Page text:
Wake Ed

RWCA warns it won't forget Wake school board members who voted against Keith Sutton

Will the seven Wake County school board members who voted against keeping Keith Sutton as board chairman actually face political consequences from the African-American community?

The Rev. Earl Johnson, president of the Raleigh-Wake Citizens Association, is warning that they group remembers how the seven board members sought the group’s endorsement and financial support during their run for office. Johnson adds that “the upcoming elections of 2016 may seem far off, but our memories are even longer.”

But would the group support any of their opponents, especially if they’re backed by the Republican Party? Would the group decide to sit out the election and not endorse anyone, including those seven Democratic-backed board members?

Here’s the statement from the RWCA:


The Raleigh Wake Citizens Association, which has represented the interests of the diverse citizens of the second largest county in the State of North Carolina for more than 80 years, has been unsettled by the news that Wake County School Board Member Keith Sutton has been replaced after serving for one year as board Chairman. We have, specifically, several immediate concerns about this matter, which happened without any indication of misdeeds or improper actions by Mr. Sutton.

To begin, Keith Sutton’s resume as a seasoned and well-regarded leader did not begin when he was elected to the Wake County School Board in 2009. From his work with such organizations such as the NAACP and the National Urban League to his work with the North Carolina Department of Juvenile Justice and Delinquency Prevention and the Victim Advocate Liaison for the North Carolina Governor’s Crime Commission, Keith’s service to his community is rarely seen in the office of an elected official. His election to the school board was simply an extension of his commitment to the lives of young people, including his daughters, who are students with the Wake County Public School System.

When he became Chairman of the Board last year, he was faced with the aftermath of a divided body rife with internecine feuds and allegations of inappropriate conduct among board members. Keith managed to assuage the community while building coalitions among his colleagues. Over the past year, he also oversaw the hiring of a new superintendent, an $810 million school construction bond issue and staved off a proposed takeover by county commissioners. That type of leadership in North Carolina and indeed, in Wake County, is an uncommon sight.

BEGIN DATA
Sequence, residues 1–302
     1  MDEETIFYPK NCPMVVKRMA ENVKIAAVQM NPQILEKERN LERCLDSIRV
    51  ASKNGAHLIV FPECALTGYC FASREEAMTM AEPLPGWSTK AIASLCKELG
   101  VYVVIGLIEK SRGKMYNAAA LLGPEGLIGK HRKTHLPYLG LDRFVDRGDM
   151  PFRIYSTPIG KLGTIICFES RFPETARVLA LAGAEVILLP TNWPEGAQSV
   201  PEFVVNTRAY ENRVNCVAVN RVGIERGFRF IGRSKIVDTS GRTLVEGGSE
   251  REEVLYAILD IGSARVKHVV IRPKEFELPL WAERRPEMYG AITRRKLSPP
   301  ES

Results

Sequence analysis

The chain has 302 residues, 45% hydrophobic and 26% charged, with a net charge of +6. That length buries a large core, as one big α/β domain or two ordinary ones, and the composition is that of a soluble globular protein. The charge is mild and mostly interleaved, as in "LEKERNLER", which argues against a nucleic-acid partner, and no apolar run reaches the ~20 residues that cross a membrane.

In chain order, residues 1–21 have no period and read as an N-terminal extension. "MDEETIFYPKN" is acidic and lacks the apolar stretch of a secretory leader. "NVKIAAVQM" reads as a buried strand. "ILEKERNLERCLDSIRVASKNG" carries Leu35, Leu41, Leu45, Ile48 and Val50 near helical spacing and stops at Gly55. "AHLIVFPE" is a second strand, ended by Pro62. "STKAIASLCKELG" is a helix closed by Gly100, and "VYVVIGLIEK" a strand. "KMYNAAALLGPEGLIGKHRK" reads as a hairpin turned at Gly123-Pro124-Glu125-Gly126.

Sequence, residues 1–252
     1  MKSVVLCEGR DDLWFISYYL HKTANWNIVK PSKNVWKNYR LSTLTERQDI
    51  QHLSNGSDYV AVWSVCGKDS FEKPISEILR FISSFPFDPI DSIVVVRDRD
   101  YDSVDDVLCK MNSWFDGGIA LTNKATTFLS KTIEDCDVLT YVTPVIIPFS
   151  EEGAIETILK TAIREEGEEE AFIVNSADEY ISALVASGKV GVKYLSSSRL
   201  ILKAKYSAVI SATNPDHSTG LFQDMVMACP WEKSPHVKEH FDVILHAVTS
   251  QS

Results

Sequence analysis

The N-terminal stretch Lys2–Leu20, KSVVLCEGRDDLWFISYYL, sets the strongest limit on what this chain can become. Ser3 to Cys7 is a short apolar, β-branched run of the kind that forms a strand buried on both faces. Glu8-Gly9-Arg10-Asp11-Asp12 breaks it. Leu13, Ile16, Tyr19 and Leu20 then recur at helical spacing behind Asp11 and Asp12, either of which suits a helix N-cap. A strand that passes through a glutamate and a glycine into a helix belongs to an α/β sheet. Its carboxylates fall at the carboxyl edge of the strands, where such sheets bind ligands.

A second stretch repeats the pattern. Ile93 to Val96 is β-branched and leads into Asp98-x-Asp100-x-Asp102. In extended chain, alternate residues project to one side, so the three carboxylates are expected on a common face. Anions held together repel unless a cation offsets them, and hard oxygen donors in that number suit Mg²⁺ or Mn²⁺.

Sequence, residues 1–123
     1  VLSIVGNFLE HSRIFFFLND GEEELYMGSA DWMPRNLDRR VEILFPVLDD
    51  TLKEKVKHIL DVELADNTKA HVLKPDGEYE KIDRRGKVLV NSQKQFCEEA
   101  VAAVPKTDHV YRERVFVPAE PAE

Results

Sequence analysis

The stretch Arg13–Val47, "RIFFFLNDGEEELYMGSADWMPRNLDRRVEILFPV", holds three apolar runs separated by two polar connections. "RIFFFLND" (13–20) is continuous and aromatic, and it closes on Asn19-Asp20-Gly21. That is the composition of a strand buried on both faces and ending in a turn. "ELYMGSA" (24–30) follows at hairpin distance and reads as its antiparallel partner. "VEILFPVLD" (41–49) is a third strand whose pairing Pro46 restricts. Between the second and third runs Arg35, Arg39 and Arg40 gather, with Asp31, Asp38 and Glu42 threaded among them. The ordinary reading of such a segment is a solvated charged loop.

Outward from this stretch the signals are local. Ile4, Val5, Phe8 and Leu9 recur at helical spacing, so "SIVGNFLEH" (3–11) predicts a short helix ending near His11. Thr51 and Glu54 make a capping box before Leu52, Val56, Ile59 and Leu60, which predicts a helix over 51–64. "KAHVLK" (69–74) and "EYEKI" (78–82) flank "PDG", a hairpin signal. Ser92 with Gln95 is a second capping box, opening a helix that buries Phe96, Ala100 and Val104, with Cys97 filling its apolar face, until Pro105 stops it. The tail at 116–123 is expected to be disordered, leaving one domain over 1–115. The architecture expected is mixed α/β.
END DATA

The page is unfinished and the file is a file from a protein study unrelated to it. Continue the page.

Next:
Most disturbing about the recent move, however, is that the vote among Board members was divided along racial lines. If Mr. Sutton had not voted for himself, he would have only had one other supporter --- and that supporter is one of the newest members of the Board. How could an incoming member recognize the significance of his leadership and his longtime colleagues reject it? If, indeed, the board members feel as though their actions were justified, could they not have reached out to leaders in the community in advance? The answers that we have received thus far are simply reactionary and our minds are not settled at this point.

Finally, we wish to express to the remaining board members that this is a new day. It is not lost on us that many, if not all of you, have visited our meetings and attended our public forums during election seasons. You have sought our endorsements and seek our assistance with your campaign canvassing and fundraising efforts. The upcoming elections of 2016 may seem far off, but our memories are even longer. This slight of one of our brightest leaders is not something that we take lightly. Keith Sutton represented a beacon of hope to the thousands of young African-American students who are educated under his watch. In an era in which our President is besieged by hostile forces within the GOP, we, the membership of the Raleigh Wake Citizens, feel as though WCSB Member Keith Sutton has been similarly maligned.

Our minds are not settled with this matter.

Yours in progress,

Reverend Dr. Earl C. Johnson